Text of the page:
Why I don't write for free – and nor should you

The unedifying topic of artists and 'creatives' working for free has raised its head again this week. It has been reported that professional dancers were recently invited to perform in the taping of a music video for Kylie Minogue, "unpaid but [a] great opportunity and fun". Apparently the budget didn't allow for payment, but the producers promised "to feature as many faces as possible" and it would be great "exposure".

There have subsequently been denials that anyone appeared in the video without payment, along with contradictory reassurances that: "The atmosphere on the set was amazing and everyone involved was thrilled to be part of it". Some dancers were reportedly paid, but only just.

Whatever the truth in this case, the general issue of people being asked to work for nothing but 'exposure' comes up all to often in various creative fields, including writing, photography, public speaking and various performing arts. At the same time, there is increasing demand for young professionals to work unpaid – under the guise of internships – in exchange for 'experience'.

The so-called 'limited budget'

The thing that intrigues me about this situation is that those who offer these 'great opportunities' tend to constrain their offers to people who provide essentially time-based work. So there is no budget for Kylie's dancers to be paid, but strangely there must have been budget for studio hire, for videography, for costumes, for catering and, indeed, for management. (Presumably those asking for free input were happy to be paid themselves.)

The same thing happens often in writing, particularly in the media, with various magazines and other outlets not willing to pay writers while still being able to pay for printing and distribution and/or web hosting and so on.

Of course any creative endeavour has a limited budget. But if funding can be found for some inputs to a project, it really should be found for all of them. Otherwise said project should be adjusted in its scope. The solution to an inability to balance the books shouldn't be the taking advantage of someone's talent.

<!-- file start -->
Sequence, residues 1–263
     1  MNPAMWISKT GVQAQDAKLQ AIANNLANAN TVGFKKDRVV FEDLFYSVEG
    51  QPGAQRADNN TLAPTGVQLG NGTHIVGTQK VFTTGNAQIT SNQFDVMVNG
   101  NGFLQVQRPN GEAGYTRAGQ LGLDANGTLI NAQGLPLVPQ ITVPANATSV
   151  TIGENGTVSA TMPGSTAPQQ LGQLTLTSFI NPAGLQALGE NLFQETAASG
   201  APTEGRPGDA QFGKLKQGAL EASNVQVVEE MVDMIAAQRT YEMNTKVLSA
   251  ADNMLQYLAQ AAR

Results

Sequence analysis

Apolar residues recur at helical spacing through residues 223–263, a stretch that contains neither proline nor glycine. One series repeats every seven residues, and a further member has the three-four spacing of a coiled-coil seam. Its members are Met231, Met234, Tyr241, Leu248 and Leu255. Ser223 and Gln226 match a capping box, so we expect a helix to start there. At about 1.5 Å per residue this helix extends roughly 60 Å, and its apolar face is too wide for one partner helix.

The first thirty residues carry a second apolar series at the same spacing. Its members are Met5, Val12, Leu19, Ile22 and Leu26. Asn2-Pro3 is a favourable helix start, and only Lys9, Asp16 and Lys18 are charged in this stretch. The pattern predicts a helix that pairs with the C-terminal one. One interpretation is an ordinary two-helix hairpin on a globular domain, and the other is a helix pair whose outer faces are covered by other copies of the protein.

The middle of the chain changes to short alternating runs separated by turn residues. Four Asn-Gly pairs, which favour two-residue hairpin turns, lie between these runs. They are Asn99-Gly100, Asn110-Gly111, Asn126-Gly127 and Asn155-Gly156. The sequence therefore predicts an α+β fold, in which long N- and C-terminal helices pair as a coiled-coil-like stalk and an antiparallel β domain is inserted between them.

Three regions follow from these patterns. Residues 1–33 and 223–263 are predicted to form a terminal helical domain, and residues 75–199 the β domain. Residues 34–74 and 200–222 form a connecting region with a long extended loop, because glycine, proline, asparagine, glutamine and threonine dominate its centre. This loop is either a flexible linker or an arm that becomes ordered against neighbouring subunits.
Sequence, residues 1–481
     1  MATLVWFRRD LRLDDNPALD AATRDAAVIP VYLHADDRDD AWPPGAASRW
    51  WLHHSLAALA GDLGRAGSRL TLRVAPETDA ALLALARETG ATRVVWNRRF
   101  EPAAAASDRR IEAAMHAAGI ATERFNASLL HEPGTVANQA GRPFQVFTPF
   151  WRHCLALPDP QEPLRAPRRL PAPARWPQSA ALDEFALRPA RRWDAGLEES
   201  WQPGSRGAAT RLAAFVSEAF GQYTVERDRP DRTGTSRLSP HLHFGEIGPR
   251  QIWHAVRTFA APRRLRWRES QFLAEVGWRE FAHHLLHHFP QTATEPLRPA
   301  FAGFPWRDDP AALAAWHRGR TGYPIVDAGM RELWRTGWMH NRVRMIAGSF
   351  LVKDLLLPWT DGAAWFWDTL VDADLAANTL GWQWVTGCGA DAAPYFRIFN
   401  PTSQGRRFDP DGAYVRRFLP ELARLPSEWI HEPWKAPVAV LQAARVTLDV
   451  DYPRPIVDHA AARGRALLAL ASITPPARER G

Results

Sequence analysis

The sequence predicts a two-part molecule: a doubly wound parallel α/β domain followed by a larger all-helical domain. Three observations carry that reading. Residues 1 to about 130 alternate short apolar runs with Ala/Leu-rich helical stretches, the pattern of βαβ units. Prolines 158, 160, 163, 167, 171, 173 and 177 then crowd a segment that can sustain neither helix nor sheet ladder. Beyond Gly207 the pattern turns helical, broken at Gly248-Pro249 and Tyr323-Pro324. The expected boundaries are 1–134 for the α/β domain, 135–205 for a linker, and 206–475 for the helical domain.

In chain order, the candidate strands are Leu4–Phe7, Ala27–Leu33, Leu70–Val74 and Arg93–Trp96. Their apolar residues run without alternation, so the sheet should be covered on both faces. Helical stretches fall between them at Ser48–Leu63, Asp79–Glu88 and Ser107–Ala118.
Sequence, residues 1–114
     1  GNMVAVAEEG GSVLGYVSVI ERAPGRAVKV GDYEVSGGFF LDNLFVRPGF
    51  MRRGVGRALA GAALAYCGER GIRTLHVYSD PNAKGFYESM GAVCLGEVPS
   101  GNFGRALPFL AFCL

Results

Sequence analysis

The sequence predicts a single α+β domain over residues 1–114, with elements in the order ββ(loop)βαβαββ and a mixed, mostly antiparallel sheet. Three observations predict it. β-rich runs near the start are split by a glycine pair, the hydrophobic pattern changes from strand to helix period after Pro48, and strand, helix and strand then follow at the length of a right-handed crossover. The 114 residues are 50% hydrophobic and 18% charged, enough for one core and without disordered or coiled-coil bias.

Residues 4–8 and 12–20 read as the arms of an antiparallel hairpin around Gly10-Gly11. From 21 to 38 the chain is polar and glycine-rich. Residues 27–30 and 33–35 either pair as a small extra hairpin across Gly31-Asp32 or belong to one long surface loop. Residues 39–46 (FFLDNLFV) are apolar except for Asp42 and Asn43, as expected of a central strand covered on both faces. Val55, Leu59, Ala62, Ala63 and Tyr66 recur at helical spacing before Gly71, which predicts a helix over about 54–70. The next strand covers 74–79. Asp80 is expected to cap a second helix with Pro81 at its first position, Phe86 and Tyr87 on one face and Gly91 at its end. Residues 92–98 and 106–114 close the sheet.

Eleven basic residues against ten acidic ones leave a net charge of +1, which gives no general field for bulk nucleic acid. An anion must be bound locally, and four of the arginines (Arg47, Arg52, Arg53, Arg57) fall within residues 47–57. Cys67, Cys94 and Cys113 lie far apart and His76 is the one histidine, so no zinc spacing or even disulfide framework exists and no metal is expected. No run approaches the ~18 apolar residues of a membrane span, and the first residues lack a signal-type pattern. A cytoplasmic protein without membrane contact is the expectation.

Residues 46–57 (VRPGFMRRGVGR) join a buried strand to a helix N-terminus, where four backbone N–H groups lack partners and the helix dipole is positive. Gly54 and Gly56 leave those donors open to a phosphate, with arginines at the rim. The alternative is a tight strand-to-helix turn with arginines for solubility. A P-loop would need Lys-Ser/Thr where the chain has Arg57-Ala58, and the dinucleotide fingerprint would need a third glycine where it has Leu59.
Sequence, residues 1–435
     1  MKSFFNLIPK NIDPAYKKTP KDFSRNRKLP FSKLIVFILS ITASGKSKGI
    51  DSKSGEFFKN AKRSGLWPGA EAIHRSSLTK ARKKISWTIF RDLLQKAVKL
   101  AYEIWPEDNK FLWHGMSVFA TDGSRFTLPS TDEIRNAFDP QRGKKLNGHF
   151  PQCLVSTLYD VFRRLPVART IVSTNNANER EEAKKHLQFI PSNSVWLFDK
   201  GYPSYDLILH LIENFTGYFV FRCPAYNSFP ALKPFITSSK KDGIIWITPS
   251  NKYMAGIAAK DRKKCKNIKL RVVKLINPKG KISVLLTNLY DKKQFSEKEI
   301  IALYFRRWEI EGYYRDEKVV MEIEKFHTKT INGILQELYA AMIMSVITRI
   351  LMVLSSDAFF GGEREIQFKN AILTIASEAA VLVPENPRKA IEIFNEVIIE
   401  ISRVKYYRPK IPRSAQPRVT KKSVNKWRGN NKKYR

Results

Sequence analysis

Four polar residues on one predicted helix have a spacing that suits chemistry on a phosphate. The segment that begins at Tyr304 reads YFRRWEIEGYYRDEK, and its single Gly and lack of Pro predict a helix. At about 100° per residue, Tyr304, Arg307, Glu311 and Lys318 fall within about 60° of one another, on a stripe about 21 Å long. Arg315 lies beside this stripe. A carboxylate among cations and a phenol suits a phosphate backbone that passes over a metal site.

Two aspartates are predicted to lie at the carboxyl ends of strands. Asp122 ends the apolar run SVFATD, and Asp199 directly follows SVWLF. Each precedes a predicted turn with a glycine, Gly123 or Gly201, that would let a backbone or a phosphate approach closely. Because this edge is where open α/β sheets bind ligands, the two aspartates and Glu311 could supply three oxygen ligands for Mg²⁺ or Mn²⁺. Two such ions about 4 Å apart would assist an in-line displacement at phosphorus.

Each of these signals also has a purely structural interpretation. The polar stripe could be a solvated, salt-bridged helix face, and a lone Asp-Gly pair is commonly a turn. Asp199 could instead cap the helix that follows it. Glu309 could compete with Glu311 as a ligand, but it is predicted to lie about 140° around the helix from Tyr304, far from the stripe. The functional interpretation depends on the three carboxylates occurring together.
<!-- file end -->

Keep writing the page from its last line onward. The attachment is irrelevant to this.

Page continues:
An undervaluing of skills

A fundamental problem here is the failure to properly recognise the value of a talented person's time – not the time need to perform a task, but the time needed to build up the skills necessary to perform that task at the level required. The countless hours of training, practice and experience that go into becoming a professional dancer, for instance. Or the hours of training, practice and experience that go into being a competent writer.

It's a bit like stealing content off the internet using the logic that downloading, say, a song 'doesn't cost the artist anything and if I couldn't get it for free I wouldn't listen to it at all'. Like offers of 'exposure', this is a selfish premise because it assumes others out there will be willing to not only pay a fair rate but indeed subsidise those who 'don't have the budget' to pay.

To some extent this is a societal problem. We have long undervalued artistic creativity relative to purely economic endeavours. Lawyers, management consultants and CEOs are highly paid because they can readily point to the financial value they add (even if their claims are sometimes dubious). This is much harder to do for the painter, the dancer or, in many cases, the writer.

Which makes it a difficult problem to solve.

Don't work for free

The only thing that can be done is for as many creative professionals as possible to refuse offers of unpaid or underpaid work (with the exception of genuine pro bono contributions) no matter how grandiose the promises of exposure or experience. Creatives need to refuse to be taken advantage of and focus instead on communicating the value of their talent and their work. And encourage others to do likewise.

If creative work is how you make your living, you can't afford to be giving your time away.

As usual, if you have any questions or comments, please contact me directly, via our Facebook page or in the comments below.

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